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with the MV-induced increase in diaphragmatic XO activity. Finally, XO inhibition did not significantly protect hypoxant hine levels during MV. Xanthine Similar to hypoxanthine, both MV durations re sulted in a significant decrease in xanthine levels in the diaphragm (P<0.01) (Figure 4-6). Twelve hours of MV resulted in a 31% decrease in xanthine, whereas 18 hours resulted in a 41% decrease. XO i nhibition via oxypurinol administration significantly attenuated the decrease in xanthine at both 12 and 18 hours of MV. Thus both MV durations resulted in a significant decrease in the le vel of purine substrates in the diaphragm. However, unlike hypoxanthine, oxy purinol administration significantly attenuated the MV-induced decrease in xant hine levels in the diaphragm. Uric Acid In the presence of the purine substrat es and molecular oxygen, XO catalyzes the production of uric acid and superoxide. Accordi ngly, the level of uric acid formation in the diaphragm would increase in concomitant with an increase in diaphragmatic XO activity. Compared to control, 12 and 18 hrs of MV resulted in a significant 15% and 42% increase in uric acid formation in the diaphragm, respectiv ely (P<0.05) (Figure 4-7). Although oxypurinol administration tended to attenuate the increase in uric acid at the 12 hour time point, it did not reach significance (P=0.09). In contrast, oxypurinol administration significantly attenuated the formation of uric acid in the diaphragms of our 18-hr MV animals. Thus MV results in a significant increase in uric ac id, an end product of both XDH a nd XO enzymatic activity, in the diaphragm. This coincides with the MV-indu ced increase in diaphragmatic XO activity and depletion of the purine subs trates in the diaphragm. 49

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Redox Balance Protein Carbonyls Since MV results in an increase in dia phragmatic XO activity, the potential for ROS production by the XO pathway exists in the diaphr agm. Protein carbonyl formation is a general indicator of protein oxidation a nd commonly used to measure oxida tive injury. Twelve hours of MV resulted in a sign ificant increase in prot ein carbonyl formation in the diaphragm when compared with control (P<0.05) (Figure 4-8) and there was a tre nd (P=0.07) for oxypurinol administration to attenuate this in crease. Prolonged (18 hrs) MV further elev ated the levels of protein carbonyl formation in the diaphragm wh en compared with 12 hrs of MV (P<0.05). While oxypurinol administration si gnificantly attenuated the increas e in protein carbonyls at the 18-hr time point, protein carbonyl formation in the diaphragm remained significantly elevated when compared with control. Thus, XO inhib ition attenuates some of the MV-induced protein oxidation in the diaphragm 4-HNE Lipid peroxidation occurs as a response to oxidative stress, and among the end-products it produces several biologically active aldehydes. 4-hydroxynoneal (4-HNE) is an unsaturated hydroxyalkenal that is generated during the lipid peroxidation cascade. Furthermore, 4-HNE is the primary adduct formed during th is process and is commonly us ed to assess protein oxidative damage. Compared to control, both MV dur ations resulted in a significant increase in diaphragmatic 4-HNE (P<0.05) (Figure 4-9). XO inhibition significa ntly attenuated the accumulation of 4-HNE as oxypurinol treated animal s had basal levels of diaphragmatic 4-HNE. Therefore, diaphragmatic XO activity contributes to MV-induced oxidative stress by the fact that 50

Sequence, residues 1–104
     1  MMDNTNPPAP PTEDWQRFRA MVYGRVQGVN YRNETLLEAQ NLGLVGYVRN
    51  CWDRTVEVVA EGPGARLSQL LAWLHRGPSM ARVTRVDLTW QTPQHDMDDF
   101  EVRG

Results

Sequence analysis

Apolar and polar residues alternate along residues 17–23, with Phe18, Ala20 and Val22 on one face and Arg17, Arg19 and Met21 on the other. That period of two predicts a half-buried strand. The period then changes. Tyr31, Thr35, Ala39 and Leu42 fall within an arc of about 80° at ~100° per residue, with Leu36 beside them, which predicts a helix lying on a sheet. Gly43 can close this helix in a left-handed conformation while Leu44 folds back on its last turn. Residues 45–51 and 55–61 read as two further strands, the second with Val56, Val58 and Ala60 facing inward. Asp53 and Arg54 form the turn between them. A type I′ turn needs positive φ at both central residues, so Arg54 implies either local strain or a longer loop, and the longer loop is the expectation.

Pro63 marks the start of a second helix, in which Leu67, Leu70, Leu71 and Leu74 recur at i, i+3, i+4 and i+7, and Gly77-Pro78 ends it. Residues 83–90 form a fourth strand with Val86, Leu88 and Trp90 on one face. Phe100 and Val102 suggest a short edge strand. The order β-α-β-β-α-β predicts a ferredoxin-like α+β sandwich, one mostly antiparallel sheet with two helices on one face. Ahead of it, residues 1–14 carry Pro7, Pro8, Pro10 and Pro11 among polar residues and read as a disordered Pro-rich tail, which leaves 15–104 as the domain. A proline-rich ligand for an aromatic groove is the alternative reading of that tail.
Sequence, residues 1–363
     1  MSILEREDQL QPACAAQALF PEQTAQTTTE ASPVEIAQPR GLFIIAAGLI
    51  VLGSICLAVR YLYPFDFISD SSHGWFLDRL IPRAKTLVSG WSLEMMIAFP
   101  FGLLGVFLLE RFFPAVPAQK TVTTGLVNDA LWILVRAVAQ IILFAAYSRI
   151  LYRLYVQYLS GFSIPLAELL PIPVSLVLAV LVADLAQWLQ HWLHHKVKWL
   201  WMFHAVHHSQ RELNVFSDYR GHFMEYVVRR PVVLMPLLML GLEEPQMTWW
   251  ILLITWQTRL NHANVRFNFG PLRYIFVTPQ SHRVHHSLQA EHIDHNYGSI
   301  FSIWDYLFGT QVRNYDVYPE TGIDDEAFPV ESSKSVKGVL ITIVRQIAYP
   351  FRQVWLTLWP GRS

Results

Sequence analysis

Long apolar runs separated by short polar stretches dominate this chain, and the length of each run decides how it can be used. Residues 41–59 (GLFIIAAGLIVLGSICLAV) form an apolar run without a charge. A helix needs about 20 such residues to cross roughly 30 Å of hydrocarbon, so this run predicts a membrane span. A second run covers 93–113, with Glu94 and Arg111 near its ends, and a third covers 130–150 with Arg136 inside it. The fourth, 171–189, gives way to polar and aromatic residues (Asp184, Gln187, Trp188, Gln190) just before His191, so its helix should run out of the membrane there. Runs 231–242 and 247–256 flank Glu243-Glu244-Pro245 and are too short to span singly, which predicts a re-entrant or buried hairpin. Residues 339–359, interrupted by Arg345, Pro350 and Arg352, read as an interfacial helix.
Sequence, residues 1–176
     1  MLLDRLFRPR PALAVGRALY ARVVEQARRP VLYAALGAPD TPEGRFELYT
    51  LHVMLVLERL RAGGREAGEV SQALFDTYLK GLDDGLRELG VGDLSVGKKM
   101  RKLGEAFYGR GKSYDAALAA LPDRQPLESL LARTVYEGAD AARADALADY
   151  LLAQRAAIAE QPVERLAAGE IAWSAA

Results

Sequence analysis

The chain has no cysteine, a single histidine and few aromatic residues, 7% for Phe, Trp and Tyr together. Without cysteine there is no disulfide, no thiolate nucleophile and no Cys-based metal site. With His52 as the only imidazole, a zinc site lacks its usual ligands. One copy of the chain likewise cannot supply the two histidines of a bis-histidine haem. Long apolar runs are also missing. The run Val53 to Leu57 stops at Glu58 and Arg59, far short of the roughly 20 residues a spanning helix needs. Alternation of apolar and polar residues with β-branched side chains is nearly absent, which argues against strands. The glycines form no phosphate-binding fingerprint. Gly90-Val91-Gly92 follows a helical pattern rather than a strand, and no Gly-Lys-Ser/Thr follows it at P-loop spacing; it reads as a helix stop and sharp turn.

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XO inhibition reduces protein oxidation and signi ficantly attenuates lipid peroxidation in the diaphragm. Total Glutathione Glutathione (GSH) is the major nonezymatic antioxidant component of the cell and depletion of cellular stores is generally considered indicative of oxidative stress. Following 12 and 18 hours of MV, there was a significant depl etion of total GSH in the diaphragm (P<0.05) (Figure 4-10) and oxypurinol administration failed to attenuate this decrease. Consequently, MV results in the depletion of the antioxidant defense of the diaphr agm and XO inhibition does not rescue this depletion. Contractile Function Maximal Isometric Twitch Force To determine if XO-mediated ROS produc tion in the diaphragm contributes to diaphragmatic contractile dysfunction, we m easured maximal isometric twitch force and analyzed the force-frequency response of dia phragm strips obtained from our experimental animals. Maximal isometric twitch forces of in vitro costal diaphragm strips from mechanically ventilated and nonmechanically ventilated (control) animals with and without oxypurinol are presented in Table 4-2. Maxima l isometric twitch force was si gnificantly reduced following 18 hrs of MV when compared with control and cont rol with oxypurinol. During prolonged (18 hrs) MV, there was a trend (P=0.07) for XO inhibition via oxypurinol administration to attenuate the drop in maximal isometric twitch force. Accord ingly, prolonged MV results in a significant decrease in maximal isometric twitch force of the diaphragm and oxypurinol administration during MV appears to restor e some of this decrease. 51